I’ve been to Boston, Charleston, Dayton, Louisiana Washington, Houston, Kingston, Texarkana.
The sense of person is Whitmanian: all the places delineating the country meet in the singer who absorbs the names and their implicit experiences into the wholeness of his identity.
The modern audience is more likely to recall Johnny Cash’s 1996 version of “I’ve Been Everywhere,” among the more than a hundred recorded versions, but way back in 1962 Hank Snow had the first hit with the American version, to which “Dancing in the Streets” can be heard as a response, just as Woody Guthrie answered Irving Berlin and Kate Smith. Composed by Marvin Gaye, William Mickey Stevenson, and Ivy Jo Hunter and most memorably recorded by Martha and the Vandellas in 1964, the song extends “an invitation across the nation,” though the places mentioned are relatively few―just seven toponyms to Mack’s 92. Significantly, the cities named all have substantial African-American populations. The final two cities stand apart. Detroit, the home of Motown Records, aptly receives the lyrical flair, “Can’t forget the Motor City.” Then the catalogue flies over the smaller Midwestern and Western towns that verbally spiced “I’ve Been Everywhere,” though most with little to no African-American community, to land in Los Angeles. But the song makes another notable omission, the racially embattled cities of the South. Little Rock, Atlanta, Birmingham go unmentioned. When Martha Reeves was asked if “Dancing in the Streets” encoded a call to racial revolution, she replied that it was just a fun “party song.” The general avoidance of the South (the exception of the exceptional New Orleans aside) largely confirms this, even as the song inclines, noncontroversially, toward Black communities and culture. As Langston Hughes responded to Whitman, “I, too, sing America,” “Dancing in the Streets” supplements what “I’ve Been Everywhere” had minimized or simply neglected.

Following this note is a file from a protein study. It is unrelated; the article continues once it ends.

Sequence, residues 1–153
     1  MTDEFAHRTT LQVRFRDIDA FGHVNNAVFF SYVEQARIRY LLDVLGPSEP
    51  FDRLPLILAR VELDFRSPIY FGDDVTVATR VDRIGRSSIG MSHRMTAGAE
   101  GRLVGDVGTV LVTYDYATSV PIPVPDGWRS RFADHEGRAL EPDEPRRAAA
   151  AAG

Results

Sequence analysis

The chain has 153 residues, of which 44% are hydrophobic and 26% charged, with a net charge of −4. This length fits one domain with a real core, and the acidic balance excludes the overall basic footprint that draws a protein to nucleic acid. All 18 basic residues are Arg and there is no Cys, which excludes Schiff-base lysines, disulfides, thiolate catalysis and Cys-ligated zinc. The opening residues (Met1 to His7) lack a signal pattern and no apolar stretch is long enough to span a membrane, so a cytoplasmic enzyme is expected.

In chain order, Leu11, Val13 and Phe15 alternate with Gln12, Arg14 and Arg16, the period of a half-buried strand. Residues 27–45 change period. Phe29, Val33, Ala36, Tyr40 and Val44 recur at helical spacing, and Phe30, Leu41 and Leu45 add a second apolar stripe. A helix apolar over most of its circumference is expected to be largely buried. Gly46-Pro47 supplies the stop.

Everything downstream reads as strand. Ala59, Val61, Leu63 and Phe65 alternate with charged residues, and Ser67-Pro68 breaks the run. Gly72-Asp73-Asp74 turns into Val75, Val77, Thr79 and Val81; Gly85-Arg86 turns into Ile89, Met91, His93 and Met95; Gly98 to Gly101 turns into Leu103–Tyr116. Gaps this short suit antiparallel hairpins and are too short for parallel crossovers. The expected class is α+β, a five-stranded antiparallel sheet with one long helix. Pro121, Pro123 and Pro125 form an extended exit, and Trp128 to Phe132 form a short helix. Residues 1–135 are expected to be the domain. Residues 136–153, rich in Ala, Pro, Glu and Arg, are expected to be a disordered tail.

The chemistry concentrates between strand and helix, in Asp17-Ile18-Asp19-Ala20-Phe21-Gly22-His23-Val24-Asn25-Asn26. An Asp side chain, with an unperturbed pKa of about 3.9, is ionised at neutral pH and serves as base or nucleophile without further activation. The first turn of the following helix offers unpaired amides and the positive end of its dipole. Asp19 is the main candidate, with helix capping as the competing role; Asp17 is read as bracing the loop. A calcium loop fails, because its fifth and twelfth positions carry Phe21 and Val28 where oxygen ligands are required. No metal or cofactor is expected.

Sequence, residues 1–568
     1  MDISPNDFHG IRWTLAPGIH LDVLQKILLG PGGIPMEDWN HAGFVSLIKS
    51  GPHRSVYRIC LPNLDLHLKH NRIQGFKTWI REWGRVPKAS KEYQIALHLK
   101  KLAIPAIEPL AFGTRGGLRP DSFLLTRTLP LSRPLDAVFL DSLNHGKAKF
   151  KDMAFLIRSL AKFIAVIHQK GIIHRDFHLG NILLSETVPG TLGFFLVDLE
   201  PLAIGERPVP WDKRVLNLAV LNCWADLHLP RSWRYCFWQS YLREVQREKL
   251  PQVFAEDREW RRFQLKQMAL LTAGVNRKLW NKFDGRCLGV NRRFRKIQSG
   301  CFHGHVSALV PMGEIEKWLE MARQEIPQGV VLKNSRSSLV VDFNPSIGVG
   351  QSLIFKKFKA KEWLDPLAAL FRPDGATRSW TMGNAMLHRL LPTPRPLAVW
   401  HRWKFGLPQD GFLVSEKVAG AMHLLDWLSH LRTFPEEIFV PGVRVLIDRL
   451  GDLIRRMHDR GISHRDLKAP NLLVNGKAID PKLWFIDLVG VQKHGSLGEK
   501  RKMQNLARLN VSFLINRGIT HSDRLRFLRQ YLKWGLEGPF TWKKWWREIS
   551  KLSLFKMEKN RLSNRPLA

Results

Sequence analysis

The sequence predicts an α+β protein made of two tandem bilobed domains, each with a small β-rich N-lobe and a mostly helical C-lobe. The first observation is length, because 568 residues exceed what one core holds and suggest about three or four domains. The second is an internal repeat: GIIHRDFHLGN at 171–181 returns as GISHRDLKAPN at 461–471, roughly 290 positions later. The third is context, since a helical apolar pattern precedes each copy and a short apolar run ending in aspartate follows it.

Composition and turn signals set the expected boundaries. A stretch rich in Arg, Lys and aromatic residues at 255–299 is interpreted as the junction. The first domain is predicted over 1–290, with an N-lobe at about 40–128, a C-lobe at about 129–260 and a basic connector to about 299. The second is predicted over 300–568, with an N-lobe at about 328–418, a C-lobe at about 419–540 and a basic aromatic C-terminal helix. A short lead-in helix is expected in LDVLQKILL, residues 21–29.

At the same time Gaye, Henderson and Hunter were composing “Dancing in the Streets,” Martin Luther King was more aggressively cataloguing America, and―it is only a small stretch―doing so in song. Though neither dactylic hexameter nor iambic pentameter, King’s “I Have a Dream” speech has its own compelling rhythm and resonance, and its peroration rises through classic American song:
This will be the day when all of God’s children will be able to sing with a new meaning, “My country, ‘tis of thee, sweet land of liberty, of thee I sing. Land where my fathers died, land of the pilgrim’s pride, from every mountainside, let freedom ring.”